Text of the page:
Comstock’s: What’s the status of that general plan rewrite?
We began the process about six months ago and had a pretty ambitious plan to maybe complete it within 18 months, so our target date has been to complete it by June of 2014. We’ll have to see whether or not we can actually meet that. To date, we’ve done a lot in the way of background analysis and public outreach. We can potentially wrap it up by June 2014, but I think there’s also an interest in making sure we have a good, transparent, public engagement process to go along with it.

Comstock’s: Water continues to be a challenge for Woodland, which I know asked residents to voluntarily reduce water use this summer amid concerns about supply and quality. What’s the status of the Woodland-Davis Clean Water Agency project and other water initiatives currently under way? 
We’re partnering effectively on the project, which is going to transition both communities from our existing groundwater supply system to a conjunctive use, which is a combination of surface water from the Sacramento River and groundwater. The short and long of it is, while it’s been a long road and we’ve dealt with a number of issues to date, we’ve successfully crossed off several milestones recently. We’re hoping through our (joint powers authority agreement) to be under contract for the design, construction and actual operation of the surface water project sometime this fall with a target completion date of 2016. The surface water project continues to be the most expansive project both in terms of capital costs and scope we’ve undertaken as a community. One of the challenges that we have is to make sure that we get from here to 2016 in terms of being able to sustain water quality.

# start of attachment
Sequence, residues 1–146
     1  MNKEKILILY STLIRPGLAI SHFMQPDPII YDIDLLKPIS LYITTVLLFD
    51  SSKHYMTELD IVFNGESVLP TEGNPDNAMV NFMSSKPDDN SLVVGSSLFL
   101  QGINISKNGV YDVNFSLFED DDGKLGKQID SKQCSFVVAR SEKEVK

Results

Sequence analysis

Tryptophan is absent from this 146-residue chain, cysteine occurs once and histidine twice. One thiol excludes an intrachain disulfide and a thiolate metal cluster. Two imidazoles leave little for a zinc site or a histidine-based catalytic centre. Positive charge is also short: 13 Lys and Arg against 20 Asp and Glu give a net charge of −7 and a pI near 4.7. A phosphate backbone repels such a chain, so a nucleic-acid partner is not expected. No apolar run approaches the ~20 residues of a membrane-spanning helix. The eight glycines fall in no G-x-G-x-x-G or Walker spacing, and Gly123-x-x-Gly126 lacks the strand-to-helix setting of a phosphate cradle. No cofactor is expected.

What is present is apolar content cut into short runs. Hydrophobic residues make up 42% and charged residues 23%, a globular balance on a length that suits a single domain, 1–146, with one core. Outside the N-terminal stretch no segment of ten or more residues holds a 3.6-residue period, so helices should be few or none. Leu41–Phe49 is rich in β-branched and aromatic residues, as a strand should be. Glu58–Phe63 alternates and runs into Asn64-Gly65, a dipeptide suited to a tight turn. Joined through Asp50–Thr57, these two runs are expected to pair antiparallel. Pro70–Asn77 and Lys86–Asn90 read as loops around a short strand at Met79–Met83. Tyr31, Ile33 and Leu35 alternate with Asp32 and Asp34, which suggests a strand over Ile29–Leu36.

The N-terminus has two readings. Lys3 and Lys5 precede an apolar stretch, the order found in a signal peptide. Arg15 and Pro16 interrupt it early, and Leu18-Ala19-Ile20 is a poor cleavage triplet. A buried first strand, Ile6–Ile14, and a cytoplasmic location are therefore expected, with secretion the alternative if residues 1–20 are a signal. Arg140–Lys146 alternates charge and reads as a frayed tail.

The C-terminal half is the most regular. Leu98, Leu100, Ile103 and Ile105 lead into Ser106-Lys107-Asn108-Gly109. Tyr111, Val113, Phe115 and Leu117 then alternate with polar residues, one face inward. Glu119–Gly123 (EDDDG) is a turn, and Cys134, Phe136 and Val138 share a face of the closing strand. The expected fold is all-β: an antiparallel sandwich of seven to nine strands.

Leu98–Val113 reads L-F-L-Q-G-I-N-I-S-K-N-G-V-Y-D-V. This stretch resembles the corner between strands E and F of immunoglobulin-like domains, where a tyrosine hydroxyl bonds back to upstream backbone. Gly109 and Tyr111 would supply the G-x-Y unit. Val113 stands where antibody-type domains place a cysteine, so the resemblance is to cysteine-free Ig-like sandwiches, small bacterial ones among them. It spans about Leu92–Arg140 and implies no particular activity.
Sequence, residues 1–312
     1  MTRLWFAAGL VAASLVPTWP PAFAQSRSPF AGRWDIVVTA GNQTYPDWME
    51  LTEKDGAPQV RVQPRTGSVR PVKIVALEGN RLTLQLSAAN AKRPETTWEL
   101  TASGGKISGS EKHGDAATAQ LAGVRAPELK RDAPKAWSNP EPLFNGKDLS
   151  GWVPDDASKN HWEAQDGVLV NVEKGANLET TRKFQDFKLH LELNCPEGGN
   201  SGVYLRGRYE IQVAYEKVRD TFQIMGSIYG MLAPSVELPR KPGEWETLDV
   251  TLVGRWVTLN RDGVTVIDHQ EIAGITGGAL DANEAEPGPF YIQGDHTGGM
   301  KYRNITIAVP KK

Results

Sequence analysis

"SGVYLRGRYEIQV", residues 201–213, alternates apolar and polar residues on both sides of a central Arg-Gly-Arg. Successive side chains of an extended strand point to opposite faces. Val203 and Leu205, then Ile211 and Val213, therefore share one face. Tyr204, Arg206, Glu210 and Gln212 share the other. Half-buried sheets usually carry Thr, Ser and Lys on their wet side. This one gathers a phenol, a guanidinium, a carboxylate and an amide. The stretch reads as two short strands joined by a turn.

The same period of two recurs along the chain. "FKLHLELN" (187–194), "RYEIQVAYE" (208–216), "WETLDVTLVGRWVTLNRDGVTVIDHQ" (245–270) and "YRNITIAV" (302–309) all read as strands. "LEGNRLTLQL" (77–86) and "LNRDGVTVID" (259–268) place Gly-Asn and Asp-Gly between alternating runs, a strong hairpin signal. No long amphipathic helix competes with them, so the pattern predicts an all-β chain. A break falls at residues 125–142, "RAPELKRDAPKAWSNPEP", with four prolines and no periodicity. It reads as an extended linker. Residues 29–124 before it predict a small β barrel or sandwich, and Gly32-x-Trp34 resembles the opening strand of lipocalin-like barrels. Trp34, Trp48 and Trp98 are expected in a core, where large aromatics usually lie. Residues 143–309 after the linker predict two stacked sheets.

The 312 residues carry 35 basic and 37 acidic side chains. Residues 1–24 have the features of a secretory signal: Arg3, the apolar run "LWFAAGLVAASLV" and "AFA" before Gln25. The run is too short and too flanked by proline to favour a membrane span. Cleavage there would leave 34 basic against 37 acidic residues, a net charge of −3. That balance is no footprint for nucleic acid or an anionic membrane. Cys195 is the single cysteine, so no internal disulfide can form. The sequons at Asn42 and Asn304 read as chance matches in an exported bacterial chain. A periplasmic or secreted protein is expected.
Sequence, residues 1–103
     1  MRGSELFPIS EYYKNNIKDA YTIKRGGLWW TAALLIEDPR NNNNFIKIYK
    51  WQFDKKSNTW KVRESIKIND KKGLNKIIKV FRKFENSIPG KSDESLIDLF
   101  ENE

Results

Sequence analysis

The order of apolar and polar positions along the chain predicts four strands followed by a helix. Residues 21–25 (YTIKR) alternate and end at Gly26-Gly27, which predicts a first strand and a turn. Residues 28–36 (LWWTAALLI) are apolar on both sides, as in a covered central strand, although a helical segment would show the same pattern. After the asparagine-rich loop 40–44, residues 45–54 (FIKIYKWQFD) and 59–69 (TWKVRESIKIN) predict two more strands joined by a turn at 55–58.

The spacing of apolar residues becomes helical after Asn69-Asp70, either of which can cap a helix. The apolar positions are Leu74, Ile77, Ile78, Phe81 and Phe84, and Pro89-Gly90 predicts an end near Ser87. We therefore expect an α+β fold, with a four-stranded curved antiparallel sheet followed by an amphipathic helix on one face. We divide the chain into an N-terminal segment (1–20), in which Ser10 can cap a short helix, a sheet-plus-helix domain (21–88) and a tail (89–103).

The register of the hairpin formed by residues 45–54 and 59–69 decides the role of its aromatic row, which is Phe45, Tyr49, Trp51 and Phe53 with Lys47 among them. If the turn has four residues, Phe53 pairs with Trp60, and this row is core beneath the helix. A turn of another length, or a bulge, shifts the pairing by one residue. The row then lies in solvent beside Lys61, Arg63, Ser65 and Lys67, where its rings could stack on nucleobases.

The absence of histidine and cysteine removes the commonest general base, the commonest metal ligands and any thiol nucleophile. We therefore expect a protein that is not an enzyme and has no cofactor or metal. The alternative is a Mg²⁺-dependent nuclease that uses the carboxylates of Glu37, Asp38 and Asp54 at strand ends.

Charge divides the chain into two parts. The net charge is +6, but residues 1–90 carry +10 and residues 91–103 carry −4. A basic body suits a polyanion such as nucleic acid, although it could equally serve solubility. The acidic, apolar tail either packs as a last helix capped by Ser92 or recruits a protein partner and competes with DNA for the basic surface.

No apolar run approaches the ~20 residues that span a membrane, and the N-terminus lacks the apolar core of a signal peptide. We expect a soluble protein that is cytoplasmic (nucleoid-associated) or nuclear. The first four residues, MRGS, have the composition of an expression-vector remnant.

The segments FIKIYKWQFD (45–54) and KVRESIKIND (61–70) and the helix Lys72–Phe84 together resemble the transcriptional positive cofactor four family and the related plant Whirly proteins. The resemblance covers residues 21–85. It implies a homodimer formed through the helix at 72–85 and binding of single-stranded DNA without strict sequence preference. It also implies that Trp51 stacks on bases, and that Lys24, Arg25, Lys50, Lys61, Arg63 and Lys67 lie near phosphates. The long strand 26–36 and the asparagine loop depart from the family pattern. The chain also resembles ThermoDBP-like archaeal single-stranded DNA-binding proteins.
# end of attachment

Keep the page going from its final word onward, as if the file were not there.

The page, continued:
Comstock’s: Whether it’s the water agreement or other regional issues or partnerships, how has your background as a former assistant city manager in Davis and your relationships and experience there impacted progress on these issues?
I would start by saying that, by and large, I think there’s a general sense that, in comparison to other areas even within the region, Yolo County has a pretty long history of partnership and collaboration amongst local government, county government and other interests. In that sense, it’s almost in our DNA. What’s really helped me coming here with that background has more to do with the familiarity with the agencies and the players and this (water) project in particular. We didn’t really have a huge learning curve on it. If nothing else, having a little bit of perspective on how both communities view the project and the interests that they have in the project has been helpful in ensuring that we’re keeping the benefits of collaborations at the forefront.